How does one balance these two seemingly contradictory ideas? It all depends on the person’s spiritual level. The closer a person is to perfection in his belief in Hashem, the more he is expected to rely on Hashem, and his level of hishtadlus (effort) must drop accordingly. Until a person reaches that level he may — and must — work, to achieve whatever he needs to function and sustain himself and his family. As his belief and trust in Hashem grow — and he must work on this mitzvah constantly, to reach ever higher levels of bitachon (trust) — he must adjust his level of hishtadlus and rely more on Hashem.
As I mentioned yesterday, for a person to trust God for his every need and be content in every circumstance as was the Apostle Paul (Philippians 4:10-13), that person would already have to be operating at a very high level spiritually. For the rest of us…well, we worry sometimes.
But I don’t entirely agree with the Rabbinic statement I quoted above. It seems that it could be abused by some people who state that they have achieved so high a spiritual level that they don’t (or shouldn’t) have to work to support themselves and their families at all, and instead, should be allowed to study Torah uninterrupted almost every waking moment. We can see such an example in the Ultra-Orthodox Jewish population of Israel who refuse mandatory military service and many who choose not to work and have the Israeli government providing them with support.
I suppose any principle can be taken too far. The Bible is replete with examples of very holy men who were close to God and who nevertheless also labored to support themselves.
I do agree with the principle of hishtadus, which is that we are to work to support ourselves and not to rely on God’s miracles for our “daily bread,” so to speak. But I don’t think that necessarily changes as we learn to believe and trust in God to greater degrees over our lifetimes. Sure, God could cause us to win the lottery by a miracle, but don’t count on it.
As I’ve also previously mentioned, we know that at the end of last week’s Torah portion, we saw that Joseph is in prison. After giving the Chamberlain of the Cupbearers a favorable interpretation of his dream, Joseph asked that the Chamberlain put in a good word for him to Pharaoh, King of Egypt (Genesis 40:14-15). But according to midrash, this was a mistake (although what mistake Joseph actually made is debated by the Rabbis) and as a result, Joseph spent two more years in prison.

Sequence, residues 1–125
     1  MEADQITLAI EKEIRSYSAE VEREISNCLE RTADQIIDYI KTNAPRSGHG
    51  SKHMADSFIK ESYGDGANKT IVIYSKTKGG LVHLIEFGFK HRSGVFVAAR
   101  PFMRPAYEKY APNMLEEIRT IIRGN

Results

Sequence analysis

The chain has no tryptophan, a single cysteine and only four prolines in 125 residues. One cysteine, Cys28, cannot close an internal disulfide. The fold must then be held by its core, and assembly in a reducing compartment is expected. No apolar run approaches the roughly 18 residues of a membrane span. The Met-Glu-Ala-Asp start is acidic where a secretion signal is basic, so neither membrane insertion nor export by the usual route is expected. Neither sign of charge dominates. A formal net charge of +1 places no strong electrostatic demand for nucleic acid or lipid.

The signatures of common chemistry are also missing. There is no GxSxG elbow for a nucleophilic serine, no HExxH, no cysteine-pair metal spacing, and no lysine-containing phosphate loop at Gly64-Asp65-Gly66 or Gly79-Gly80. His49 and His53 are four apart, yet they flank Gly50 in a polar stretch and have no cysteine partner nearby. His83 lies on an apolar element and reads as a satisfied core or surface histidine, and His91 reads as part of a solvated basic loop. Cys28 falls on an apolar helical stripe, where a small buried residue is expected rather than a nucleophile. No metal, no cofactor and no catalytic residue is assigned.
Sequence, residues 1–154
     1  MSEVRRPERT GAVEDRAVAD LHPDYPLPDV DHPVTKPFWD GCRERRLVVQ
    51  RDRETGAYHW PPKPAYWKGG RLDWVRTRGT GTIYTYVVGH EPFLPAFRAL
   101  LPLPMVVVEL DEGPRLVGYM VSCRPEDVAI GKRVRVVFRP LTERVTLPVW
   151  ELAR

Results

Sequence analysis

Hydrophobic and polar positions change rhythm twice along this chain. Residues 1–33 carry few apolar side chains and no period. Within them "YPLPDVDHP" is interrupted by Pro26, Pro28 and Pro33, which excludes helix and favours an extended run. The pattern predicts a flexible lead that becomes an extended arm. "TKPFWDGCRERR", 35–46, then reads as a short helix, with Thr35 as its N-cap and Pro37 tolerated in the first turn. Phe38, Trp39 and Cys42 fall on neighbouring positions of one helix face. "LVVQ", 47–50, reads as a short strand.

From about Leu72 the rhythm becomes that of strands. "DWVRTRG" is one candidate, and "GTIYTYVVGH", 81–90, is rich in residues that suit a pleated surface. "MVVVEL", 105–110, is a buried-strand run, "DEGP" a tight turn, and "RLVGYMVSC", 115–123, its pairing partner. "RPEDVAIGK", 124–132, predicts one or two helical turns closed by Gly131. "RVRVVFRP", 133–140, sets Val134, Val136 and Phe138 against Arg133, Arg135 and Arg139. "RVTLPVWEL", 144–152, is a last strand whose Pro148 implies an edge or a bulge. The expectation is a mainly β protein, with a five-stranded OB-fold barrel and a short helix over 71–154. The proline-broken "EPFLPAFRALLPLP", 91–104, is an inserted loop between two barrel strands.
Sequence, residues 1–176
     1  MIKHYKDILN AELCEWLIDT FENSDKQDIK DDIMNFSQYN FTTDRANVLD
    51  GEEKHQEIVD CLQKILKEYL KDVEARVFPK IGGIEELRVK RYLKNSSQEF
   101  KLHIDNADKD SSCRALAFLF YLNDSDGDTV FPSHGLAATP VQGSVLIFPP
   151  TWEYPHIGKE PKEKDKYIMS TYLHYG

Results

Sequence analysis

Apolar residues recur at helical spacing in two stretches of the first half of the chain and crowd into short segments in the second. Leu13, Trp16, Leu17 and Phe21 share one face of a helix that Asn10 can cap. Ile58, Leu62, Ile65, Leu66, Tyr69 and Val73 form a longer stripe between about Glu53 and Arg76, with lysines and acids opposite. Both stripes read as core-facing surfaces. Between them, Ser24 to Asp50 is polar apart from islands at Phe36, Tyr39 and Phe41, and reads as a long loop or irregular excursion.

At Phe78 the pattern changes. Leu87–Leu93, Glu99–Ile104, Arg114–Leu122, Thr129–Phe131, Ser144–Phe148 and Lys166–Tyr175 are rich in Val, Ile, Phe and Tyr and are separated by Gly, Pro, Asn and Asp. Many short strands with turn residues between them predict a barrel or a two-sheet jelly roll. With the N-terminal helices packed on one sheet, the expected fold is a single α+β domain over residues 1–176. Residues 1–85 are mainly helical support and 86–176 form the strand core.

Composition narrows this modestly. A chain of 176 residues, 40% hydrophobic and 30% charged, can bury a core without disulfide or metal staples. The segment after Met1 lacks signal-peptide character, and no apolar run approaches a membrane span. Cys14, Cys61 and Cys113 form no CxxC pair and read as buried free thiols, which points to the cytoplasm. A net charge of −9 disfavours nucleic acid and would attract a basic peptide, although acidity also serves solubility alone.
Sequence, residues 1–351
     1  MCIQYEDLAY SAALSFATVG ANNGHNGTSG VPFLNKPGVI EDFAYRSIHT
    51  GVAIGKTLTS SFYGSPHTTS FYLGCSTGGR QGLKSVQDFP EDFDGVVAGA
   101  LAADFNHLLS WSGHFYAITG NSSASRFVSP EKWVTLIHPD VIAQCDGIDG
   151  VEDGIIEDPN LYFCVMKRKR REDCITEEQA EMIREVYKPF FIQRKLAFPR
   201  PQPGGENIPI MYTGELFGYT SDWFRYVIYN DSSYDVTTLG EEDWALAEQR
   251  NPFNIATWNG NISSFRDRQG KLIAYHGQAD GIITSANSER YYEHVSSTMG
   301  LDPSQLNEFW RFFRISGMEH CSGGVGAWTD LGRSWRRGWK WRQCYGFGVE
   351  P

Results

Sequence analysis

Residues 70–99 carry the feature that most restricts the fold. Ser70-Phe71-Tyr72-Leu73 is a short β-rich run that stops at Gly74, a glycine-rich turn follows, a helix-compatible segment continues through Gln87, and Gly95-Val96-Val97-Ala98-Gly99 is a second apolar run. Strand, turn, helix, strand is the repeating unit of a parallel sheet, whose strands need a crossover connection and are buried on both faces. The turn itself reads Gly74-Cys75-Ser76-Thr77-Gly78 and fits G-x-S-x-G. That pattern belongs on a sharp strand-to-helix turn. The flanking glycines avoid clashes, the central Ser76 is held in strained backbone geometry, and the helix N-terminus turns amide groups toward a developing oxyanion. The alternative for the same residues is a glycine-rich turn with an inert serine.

The plain text of the scripture doesn’t seem to indicate this and it seems more likely that once the Chamberlain of the Cupbearers had regained his freedom, he simply didn’t bother himself with the request of one insignificant Hebrew slave.
But we do see in this example the delicate balance between trust in God and the necessity of our own efforts. Technically, there was nothing wrong with Joseph asking for help and indeed, God may have arranged this very situation. After all, we find that two years later, the Chamberlain does remember Joseph, but only because Pharaoh has a dream that no one can interpret (Genesis 41:1-13). If the Chamberlain had spoken to Pharaoh two years previously, Pharaoh could either have denied the request or in granting it, possibly make Joseph unavailable when he was needed to interpret Pharaoh’s most important dream.
Sometimes bitachon or trust in God isn’t a matter of asking or not asking a person’s help in a tough situation. Sometimes and perhaps quite often, it’s a matter of asking and then waiting.
The true description of bitachon is the belief that there is no coincidence in this world, and that everything that transpires occurs with Hashem’s approval and instruction.
When a person finds himself in a situation which appears dangerous according to the natural way of the world, and he is powerless to help himself, he must overcome his fear by realizing that the One Who controls everything in this world can cause a positive outcome just as easily as a negative one. This is called bitachon.
Sometimes we know that saying something will make a situation worse. We can tell ourselves to, “Just keep silent.” If we feel tempted to speak negatively about someone, we can strengthen our resolve not to say it by telling ourselves, “Just keep silent.”
The more difficult it is to keep silent, the greater the resulting spiritual elevation. When you tell yourself, “Just keep silent,” your silence isn’t just a passive state of being. Rather, it is an act of remaining silent.
In Tehillim (Psalms 34), King David tells us: “Who is the person who wants life and loves days that he may see good? Guard your tongue from evil and your lips from speaking deceit.” Remaining silent instead of speaking against others enhances and lengthens life.
(from Rabbi Zelig Pliskin’s book: “Conversations With Yourself”, p.145) [Artscroll.com])
-from Just Keep Silent
Daily Lift #194
That last quote is more directed at a person who wants to say something to another person, usually something insulting, but who choses for the sake of Heaven to refrain, but I think it fits in our current discussion as well. Sometimes we can only say and do so much, and when we reach the limit of our ability to positively affect our situation, then all we can do is rely on God’s mercy.
The issue though is that even a complete trust in God is no guarantee that the outcome will always be good. True bitachon enables a person to realize that good or bad, everything comes from the hand of God.
And that is a very difficult middah, yet there is hope, at least according to the Sages:
Chazon Ish states that just as there are levels in other middos, such as mercy, humility, etc., there are many levels of bitachon. As long as one possesses even a small trace of bitachon, he is not excluded from the group of believers, and will merit ultimate redemption.
-from A Mussar Thought for the Day, p.60